Department Of Interior
|Office of the Secretary
|For Immediate Release:October 22, 2003
Assistant Secretary Scarlett Announces WFLC Innovations That Will Strengthen Wildland Fire-Fighting
WASHINGTON--Assistant Secretary of the Interior Lynn Scarlett, chair of the interagency Wildland Fire Leadership Council, today announced major innovations that the council will implement to fight wildland fires. In FY 2003, more than 54,000 fires were fought-9,736 of them on Department of the Interior lands.
"I have just returned from a tour of various forested areas in Arizona, Oregon and California that underscored the need for the decisions made by the council during our Oct. 16 meeting in Hon Dah (Ariz.)," Scarlett said. "Although the number of fires is down from the previous fiscal year, we find that after decades of fire suppression, fuels on forested lands have built up to the point that fires are larger, less predictable, and more severe in their impacts."
Scarlett noted, however, that the projects she visited-near Hon Dah, Ariz., before the WFLC meeting and in southern Oregon and northern California afterwards--demonstrate the success of community-based solutions to managing the impact of wildland fires while creating local economic benefits. "With creativity and persistence, we can design projects that reduce hazardous fuels and protect communities," she noted. The WFLC field tour in Arizona was hosted by the White Mountain Apache tribe. The Oregon and California tour was hosted by SustainableNorthwest, a Portland-based nonprofit that promotes environmentally sound economic development in communities throughout the Northwest.
The interagency Wildland Fire Leadership Council is composed of representatives from the Interior Department and the Agriculture Department, the Federal Emergency Management Agency, the Western Governors Association, the National Association of Counties, the Intertribal Timber Council and the National Association of State Foresters. Council decisions on Oct. 16 included:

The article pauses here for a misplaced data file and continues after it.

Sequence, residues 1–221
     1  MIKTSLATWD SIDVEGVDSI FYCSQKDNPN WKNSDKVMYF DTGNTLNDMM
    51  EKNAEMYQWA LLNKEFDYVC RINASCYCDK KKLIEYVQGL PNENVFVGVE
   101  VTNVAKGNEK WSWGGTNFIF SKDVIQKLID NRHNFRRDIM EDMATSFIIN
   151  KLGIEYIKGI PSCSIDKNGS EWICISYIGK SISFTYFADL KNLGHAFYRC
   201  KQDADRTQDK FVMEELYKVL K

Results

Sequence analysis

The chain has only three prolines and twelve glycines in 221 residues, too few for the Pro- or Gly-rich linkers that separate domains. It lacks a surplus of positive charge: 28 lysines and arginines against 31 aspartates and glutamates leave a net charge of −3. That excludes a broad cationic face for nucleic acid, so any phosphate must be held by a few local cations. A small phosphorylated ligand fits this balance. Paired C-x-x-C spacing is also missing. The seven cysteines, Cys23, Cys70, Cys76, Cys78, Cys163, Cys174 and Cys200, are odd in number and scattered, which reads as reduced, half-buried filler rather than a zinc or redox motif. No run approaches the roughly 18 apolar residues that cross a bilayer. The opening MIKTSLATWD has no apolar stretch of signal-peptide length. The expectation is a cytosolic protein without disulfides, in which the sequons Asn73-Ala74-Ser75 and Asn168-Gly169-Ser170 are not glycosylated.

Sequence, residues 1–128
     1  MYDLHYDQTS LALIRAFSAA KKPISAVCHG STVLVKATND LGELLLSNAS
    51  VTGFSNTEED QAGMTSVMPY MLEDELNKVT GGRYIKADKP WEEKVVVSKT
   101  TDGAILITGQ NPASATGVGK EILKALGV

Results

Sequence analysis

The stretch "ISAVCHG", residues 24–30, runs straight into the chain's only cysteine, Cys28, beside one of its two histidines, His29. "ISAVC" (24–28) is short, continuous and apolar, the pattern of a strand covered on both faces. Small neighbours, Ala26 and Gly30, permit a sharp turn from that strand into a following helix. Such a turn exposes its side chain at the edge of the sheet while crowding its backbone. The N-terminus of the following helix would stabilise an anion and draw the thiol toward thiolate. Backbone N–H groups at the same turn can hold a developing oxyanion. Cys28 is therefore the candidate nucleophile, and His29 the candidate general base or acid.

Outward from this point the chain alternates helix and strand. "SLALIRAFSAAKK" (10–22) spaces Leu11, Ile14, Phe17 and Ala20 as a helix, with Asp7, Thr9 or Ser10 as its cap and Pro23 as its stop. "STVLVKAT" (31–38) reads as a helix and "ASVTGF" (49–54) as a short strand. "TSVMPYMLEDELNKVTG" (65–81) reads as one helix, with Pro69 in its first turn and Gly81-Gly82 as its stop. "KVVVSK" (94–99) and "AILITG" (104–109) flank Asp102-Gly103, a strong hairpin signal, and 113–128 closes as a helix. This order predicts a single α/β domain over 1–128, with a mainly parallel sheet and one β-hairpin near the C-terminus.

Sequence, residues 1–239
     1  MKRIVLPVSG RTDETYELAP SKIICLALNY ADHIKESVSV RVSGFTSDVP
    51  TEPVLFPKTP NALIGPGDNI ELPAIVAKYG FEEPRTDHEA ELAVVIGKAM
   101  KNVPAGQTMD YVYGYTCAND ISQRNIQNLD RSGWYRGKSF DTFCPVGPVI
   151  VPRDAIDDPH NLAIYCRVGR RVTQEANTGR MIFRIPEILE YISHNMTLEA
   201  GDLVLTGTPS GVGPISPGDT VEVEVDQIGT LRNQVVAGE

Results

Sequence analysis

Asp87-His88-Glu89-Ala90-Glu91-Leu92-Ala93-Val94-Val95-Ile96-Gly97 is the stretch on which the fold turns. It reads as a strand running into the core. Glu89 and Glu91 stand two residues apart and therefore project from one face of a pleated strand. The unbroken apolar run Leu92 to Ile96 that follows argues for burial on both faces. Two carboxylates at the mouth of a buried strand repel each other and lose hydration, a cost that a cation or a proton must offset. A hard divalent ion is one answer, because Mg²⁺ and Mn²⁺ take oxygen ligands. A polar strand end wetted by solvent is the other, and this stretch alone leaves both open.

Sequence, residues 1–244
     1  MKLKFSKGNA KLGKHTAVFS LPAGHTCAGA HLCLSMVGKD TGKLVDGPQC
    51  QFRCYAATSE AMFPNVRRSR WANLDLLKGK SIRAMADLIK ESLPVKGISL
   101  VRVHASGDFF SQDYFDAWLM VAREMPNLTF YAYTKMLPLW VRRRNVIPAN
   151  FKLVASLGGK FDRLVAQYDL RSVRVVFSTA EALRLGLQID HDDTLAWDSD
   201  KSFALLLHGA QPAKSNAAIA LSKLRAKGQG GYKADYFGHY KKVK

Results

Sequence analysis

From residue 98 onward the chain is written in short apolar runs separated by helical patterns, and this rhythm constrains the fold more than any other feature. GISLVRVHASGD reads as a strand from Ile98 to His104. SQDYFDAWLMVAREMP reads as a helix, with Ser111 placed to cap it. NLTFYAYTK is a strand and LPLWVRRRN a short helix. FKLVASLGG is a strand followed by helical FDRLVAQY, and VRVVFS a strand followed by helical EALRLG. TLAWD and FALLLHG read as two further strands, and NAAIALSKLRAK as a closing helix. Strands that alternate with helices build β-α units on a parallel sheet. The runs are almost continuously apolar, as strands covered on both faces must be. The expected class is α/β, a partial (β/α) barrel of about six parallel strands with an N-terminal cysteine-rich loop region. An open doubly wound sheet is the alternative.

1. Convene Blue Ribbon Panel on Cost Containment: The council will convene an interagency Blue Ribbon Panel to examine how to contain the costs of large fires. The Interior Department spent $311.3 million on wildfire suppression during the past fiscal year, while the Forest Service spent $1.02 billion. Many factors contributed to the high cost of fire suppression in 2003, including prolonged drought in the West; the need for agencies to support each other in fighting fires, the hot, dry conditions in northern Rocky Mountains; the concentration of 2003 fires in forested areas where fires are difficult and expensive to contain; the increased need to protect structures in the "wildland urban interface" areas, the need to protect local property and economic values (i.e. tourism at Glacier National Park, and the high cost of deploying resources to prevent the spread of large fires. "We will put together a panel of representatives from state, local, federal and tribal governments and incident team members. We will ask them to review the facts and advise us on what measures should be implemented," says Tim Hartzell, Director of the Office of Wildland Fire Coordination at the Department of the Interior.
2. Adopt Near-Term Actions
to Help Local Communities Prepare and Fight Large Fires:
3. Implement Prototype LANDFIRE-Computerized System Developed by Forest Service and Interior: The Interior Department and USDA Forest Service developed LANDFIRE, a new computerized model that documents field conditions, risks and hazards. Atlhough it is still a prototype, it was deployed in Montana and the team was impressed with its ability to identify areas most at risk for fire and focus in on them closely (areas down to 30 meters in size) for accurate prevention and treatment. The council decided to move forward to implement LANDFIRE nationwide.
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